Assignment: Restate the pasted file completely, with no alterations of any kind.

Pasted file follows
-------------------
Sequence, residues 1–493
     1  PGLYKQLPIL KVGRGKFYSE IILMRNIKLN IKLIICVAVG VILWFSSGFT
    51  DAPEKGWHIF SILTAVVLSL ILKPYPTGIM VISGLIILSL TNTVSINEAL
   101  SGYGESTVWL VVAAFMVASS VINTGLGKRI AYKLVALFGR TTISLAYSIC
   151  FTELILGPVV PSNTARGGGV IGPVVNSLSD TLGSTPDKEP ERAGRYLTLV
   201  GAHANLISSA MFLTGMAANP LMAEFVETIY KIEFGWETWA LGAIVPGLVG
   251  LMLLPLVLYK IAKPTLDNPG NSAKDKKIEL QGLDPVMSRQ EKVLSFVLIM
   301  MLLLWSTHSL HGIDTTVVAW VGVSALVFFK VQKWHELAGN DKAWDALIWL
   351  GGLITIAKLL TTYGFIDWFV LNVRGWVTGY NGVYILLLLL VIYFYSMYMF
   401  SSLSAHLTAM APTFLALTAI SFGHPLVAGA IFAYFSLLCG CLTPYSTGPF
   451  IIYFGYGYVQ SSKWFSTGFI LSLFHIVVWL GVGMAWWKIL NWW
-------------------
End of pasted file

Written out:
Sequence, residues 1–493
     1  PGLYKQLPIL KVGRGKFYSE IILMRNIKLN IKLIICVAVG VILWFSSGFT
    51  DAPEKGWHIF SILTAVVLSL ILKPYPTGIM VISGLIILSL TNTVSINEAL
   101  SGYGESTVWL VVAAFMVASS VINTGLGKRI AYKLVALFGR TTISLAYSIC
   151  FTELILGPVV PSNTARGGGV IGPVVNSLSD TLGSTPDKEP ERAGRYLTLV
   201  GAHANLISSA MFLTGMAANP LMAEFVETIY KIEFGWETWA LGAIVPGLVG
   251  LMLLPLVLYK IAKPTLDNPG NSAKDKKIEL QGLDPVMSRQ EKVLSFVLIM
   301  MLLLWSTHSL HGIDTTVVAW VGVSALVFFK VQKWHELAGN DKAWDALIWL
   351  GGLITIAKLL TTYGFIDWFV LNVRGWVTGY NGVYILLLLL VIYFYSMYMF
   401  SSLSAHLTAM APTFLALTAI SFGHPLVAGA IFAYFSLLCG CLTPYSTGPF
   451  IIYFGYGYVQ SSKWFSTGFI LSLFHIVVWL GVGMAWWKIL NWW